By June, the Office for National Statistics reported 63,000 excess deaths, the majority of which were linked to coronavirus and its effects. In the US, research suggests that early lockdowns could have prevented significant rates of mortality. In the UK, Professor John Edmunds of the government’s Scientific Advisory Group for Emergencies said: “I wish we had gone into lockdown earlier. That has cost a lot of lives.” Two days later, Professor Neil Ferguson, one of the original modellers at Imperial College London, told the Science and Technology Committee: “had we introduced lockdown measures a week earlier, we would have reduced the final death toll by at least a half.”

Ergo, the Johnson administration is responsible for at least 30,000 COVID-related fatalities.


also see

TORIES: And the cost of a life

Regular readers of my blog, don’t need me to tell you that life is very cheap where the Tories are concerned and if you are disabled or [as in my case] have disabled relatives, you know this fact only too well!

The lives lost because of denial of benefits, via the welfare “reforms” is incalculable. My husband says: “I wouldn’t be here now, if I didn’t have my wife in my corner to take on my fight.”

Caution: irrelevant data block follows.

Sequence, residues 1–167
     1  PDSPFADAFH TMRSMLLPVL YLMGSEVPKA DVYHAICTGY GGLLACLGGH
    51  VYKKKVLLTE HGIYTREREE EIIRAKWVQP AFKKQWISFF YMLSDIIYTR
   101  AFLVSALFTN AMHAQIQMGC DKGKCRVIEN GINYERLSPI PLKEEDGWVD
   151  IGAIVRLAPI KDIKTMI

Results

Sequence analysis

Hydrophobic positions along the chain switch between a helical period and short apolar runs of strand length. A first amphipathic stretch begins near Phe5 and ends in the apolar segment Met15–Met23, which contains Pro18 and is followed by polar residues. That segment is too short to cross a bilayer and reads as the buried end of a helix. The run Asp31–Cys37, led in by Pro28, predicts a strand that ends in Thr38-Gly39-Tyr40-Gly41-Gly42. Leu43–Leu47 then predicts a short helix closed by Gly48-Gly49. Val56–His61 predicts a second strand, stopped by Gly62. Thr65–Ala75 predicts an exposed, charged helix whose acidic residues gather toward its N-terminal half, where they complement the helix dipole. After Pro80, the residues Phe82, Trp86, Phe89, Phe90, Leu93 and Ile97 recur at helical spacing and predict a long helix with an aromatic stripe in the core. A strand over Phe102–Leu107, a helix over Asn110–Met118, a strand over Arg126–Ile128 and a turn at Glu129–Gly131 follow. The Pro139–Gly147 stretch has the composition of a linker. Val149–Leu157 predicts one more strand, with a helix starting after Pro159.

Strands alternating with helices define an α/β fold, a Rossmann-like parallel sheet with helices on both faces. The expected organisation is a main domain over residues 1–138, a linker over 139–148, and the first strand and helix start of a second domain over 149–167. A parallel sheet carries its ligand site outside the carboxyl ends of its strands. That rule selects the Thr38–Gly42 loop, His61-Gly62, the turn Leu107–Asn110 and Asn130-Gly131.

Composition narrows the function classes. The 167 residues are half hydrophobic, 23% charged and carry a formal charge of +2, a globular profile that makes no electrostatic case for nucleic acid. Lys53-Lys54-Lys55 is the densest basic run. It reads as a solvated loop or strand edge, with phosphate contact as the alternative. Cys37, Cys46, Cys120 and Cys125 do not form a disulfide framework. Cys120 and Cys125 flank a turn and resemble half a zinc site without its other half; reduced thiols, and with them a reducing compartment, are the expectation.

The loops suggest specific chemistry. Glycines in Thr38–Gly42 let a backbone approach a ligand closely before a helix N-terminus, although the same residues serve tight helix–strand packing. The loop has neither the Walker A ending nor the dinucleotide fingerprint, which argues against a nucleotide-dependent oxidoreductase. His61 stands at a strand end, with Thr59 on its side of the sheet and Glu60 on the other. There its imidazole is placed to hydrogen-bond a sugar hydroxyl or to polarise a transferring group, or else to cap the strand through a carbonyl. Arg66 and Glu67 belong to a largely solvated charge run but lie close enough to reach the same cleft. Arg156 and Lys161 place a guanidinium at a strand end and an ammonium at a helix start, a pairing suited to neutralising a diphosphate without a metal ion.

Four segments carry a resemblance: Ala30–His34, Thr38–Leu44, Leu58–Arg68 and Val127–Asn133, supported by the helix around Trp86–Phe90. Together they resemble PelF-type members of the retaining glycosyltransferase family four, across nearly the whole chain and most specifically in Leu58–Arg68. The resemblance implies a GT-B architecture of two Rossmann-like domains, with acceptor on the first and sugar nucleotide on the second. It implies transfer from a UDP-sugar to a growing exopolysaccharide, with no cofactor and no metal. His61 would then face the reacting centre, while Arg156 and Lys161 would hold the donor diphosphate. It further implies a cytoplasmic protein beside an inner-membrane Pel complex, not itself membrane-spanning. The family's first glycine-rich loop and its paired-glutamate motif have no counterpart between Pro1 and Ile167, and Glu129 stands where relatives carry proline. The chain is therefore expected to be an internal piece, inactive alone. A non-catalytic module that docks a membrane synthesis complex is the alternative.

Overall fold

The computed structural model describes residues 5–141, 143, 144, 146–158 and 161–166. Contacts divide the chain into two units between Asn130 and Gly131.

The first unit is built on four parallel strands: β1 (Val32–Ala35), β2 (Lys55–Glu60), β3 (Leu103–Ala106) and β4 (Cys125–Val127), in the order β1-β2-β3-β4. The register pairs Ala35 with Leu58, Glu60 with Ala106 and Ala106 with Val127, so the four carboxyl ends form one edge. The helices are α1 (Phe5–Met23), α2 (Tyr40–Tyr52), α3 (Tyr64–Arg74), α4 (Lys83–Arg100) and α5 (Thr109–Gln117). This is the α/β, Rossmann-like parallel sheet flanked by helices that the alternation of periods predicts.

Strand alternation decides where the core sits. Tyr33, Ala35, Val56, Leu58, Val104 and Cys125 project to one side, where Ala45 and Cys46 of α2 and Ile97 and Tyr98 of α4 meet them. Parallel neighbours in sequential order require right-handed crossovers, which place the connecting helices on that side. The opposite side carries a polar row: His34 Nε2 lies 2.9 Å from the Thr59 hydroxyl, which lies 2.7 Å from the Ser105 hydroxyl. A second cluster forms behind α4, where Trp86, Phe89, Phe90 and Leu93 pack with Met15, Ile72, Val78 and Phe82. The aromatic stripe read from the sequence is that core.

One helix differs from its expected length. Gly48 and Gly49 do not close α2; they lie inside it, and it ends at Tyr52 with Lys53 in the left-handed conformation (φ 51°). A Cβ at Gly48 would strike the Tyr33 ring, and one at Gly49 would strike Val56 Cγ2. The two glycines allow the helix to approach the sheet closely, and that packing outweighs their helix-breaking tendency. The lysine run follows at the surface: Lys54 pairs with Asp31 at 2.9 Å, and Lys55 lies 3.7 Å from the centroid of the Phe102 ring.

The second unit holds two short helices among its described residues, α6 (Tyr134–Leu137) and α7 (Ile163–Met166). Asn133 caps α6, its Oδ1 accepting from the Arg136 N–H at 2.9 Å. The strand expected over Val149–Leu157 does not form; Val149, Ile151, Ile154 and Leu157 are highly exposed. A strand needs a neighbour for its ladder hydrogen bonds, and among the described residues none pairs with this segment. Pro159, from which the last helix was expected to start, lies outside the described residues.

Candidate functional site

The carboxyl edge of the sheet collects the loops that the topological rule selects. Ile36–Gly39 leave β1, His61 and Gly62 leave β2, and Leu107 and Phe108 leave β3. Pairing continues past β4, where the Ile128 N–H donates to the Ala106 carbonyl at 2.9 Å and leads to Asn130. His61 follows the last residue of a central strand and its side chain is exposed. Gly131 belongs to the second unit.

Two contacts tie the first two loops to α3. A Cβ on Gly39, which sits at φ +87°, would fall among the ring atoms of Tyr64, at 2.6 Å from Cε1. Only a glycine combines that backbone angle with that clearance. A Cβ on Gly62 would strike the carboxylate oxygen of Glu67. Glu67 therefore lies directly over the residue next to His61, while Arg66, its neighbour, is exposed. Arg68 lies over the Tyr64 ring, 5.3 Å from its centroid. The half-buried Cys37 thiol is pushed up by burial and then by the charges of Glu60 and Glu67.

You only have to look in the DWP ATROCITIES category of this blog to see hundreds of articles about the cruelty inflicted upon the sick; disabled, mentally ill, jobless and immigrants. It has been truthfully called what it is a hostile environment and the Tories meted out to those that they thought deserved it most.

see DWP criticised for ‘incredible secrecy’ over deaths of benefit claimants

We lost people like:

And the government DID NOTHING to stop the cruelty, forcing families to take legal action. We had monsters like Iain Duncan Smith thinking he was being “kind” to sick and disabled people.

sick – A Latent Existence

As well as the DWP scandals, we have Windrush and the hostile environment meted out to people that had no memory of living in any other country. Grenfell and the terrible loss of life caused by profit, causing 72 deaths and even to this day residents are still homeless

I could go and on, but [in many cases] people are “blind” to the deaths and mayhem that the Tories have caused. Do they simply not care? Or do they have the same view of Toby Young and his ilk and think that eugenics should see these people killed off?

please feel free to comment in the comments below.

Boris Johnson’s 11 fatal errors in handling coronavirus crisis which cost lives.  EXCLUSIVE: From the PPE supply and testing fiasco to failure to safeguard the most vulnerable in our care homes, the PM and his ministers have overseen a litany of shameful errors.

Prime Minister Boris Johnson